It’s a well known fact that guitarists go to hear other guitarists, and this concert in support of International Jazz Day was no exception at the Restaurant in the Park, Leamington Spa– several locally respected contemporary and blues axemen in the capacity audience showed their approval. Proceedings started with Coventry-based guitar virtuoso Si Hayden who played original compositions using a variety of techniques – fast fingered arpeggios, percussive slaps, flamenco strums, and with repeated use of the neck/fretboard showed he wasn’t afraid to take risks. Occasionally the sound was overly electronic, but a dazzlingly up-tempo version of Van Morrison’s ‘Moondance’ was particularly impressive.
His set was followed by John Etheridge with Adrian Litvinoff’s band Interplay, a highly successful collaboration, mixing jazz standards with ethnic and Latin-tinged numbers and inspiring strong solos, whilst pianist Neil Hunter, drummer Dave Balen and bassist Litvinoff laid down a solid rhythmic bedrock.
Pat Metheny’s ‘Hermitage’ showed the delicacy and subtlety of Hunter’s piano as well as the rich textures he can produce. Several of Litvinoff’s attractive compositions (from their CDs Introducing Interplay and Global – both well worth a listen) featured the horns of Alan Wakeman (tenor & soprano sax, flute) and Richard Baker (trombone), both interacting well with Etheridge. Understandably possibly in the case of Wakeman, although it was some years ago that he and Etheridge played together in Soft Machine. Appropriately, they played two of that group’s numbers, ‘Gesolreut’ (from Sixth) and ‘Kings and Queens’ (from Fourth). A walk down Memory Lane for many of us, especially hearing Wakeman play with such authority throughout the evening, showing strength and power as if in response to the direction given by the guitarist.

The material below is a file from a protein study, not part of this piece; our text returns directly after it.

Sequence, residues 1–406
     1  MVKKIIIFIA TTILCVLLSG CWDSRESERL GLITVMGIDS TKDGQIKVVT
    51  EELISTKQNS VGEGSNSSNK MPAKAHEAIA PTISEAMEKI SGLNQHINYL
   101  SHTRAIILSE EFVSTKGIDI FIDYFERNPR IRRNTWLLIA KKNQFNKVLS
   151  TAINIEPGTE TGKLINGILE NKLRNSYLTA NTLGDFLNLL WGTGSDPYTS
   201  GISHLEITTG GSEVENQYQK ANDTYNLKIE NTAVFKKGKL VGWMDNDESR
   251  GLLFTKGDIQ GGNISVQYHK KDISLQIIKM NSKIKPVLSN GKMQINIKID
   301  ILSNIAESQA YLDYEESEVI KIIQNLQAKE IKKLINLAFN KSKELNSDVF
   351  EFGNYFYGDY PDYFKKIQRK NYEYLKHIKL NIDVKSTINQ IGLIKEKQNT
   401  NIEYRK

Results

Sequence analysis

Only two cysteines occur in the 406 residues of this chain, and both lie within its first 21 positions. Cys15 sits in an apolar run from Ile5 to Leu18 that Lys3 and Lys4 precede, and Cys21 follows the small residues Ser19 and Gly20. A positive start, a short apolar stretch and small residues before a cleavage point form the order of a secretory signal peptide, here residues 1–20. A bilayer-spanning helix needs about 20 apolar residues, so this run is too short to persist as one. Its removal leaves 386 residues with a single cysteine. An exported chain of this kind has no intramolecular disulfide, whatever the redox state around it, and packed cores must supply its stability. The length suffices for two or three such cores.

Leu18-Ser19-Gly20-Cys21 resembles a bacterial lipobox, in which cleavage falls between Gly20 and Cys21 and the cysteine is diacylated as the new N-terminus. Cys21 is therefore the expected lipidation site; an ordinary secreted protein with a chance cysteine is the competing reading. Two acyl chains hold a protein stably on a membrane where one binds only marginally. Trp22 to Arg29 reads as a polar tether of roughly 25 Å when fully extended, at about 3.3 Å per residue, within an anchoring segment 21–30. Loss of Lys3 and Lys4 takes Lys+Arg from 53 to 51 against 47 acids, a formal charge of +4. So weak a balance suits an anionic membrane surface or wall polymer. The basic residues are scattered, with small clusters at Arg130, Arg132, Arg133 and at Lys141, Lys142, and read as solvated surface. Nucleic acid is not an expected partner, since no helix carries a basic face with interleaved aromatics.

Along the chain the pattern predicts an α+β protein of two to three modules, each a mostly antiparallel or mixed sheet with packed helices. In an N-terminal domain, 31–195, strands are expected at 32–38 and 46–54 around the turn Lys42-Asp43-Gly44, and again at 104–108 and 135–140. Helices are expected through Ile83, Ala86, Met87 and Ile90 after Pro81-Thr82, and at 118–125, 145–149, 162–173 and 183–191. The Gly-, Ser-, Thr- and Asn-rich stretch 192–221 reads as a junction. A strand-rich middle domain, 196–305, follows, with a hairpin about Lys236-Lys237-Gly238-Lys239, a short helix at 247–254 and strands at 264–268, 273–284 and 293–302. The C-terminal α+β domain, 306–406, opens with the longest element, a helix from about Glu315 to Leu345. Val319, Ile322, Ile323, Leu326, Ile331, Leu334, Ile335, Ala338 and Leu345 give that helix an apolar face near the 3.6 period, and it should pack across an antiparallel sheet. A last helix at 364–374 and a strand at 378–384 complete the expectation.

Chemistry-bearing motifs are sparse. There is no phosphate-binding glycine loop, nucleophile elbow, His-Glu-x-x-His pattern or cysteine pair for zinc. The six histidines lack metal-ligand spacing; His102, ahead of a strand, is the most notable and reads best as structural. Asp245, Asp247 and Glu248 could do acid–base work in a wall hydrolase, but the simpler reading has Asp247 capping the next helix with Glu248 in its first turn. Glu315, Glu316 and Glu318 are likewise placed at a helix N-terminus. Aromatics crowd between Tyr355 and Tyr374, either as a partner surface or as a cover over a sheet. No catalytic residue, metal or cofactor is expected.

The appreciative audience showed particular enthusiasm for Etheridge’s solo version of Charles Mingus’ dedication to Lester Young, ‘Goodbye Pork Pie Hat’, and Abdullah Ibrahim’s ‘Msunduza’ which featured Etheridge duetting with Balen on tabla. A roaring version of Mingus’ ‘Boogie Stop Shuffle’ had the place moving, with Baker’s trombone having the fast articulation of a Willie Dennis or Jimmy Knepper - a clear tone, with full use of slurs and smears and an attractive straight-ahead approach.
The finale saw Hayden joining the others in the Afro-Cuban All Stars’ classic ‘Amor Verdadero’, trading licks with Etheridge and giving everyone a chance to solo, bringing to mind Ry Cooder’s description of pianist Ruben Gonzalez, ‘a Cuban cross between Thelonious Monk and Felix the Cat.’ The mix of music throughout the evening was just as varied and just as joyful.
– Matthew Wright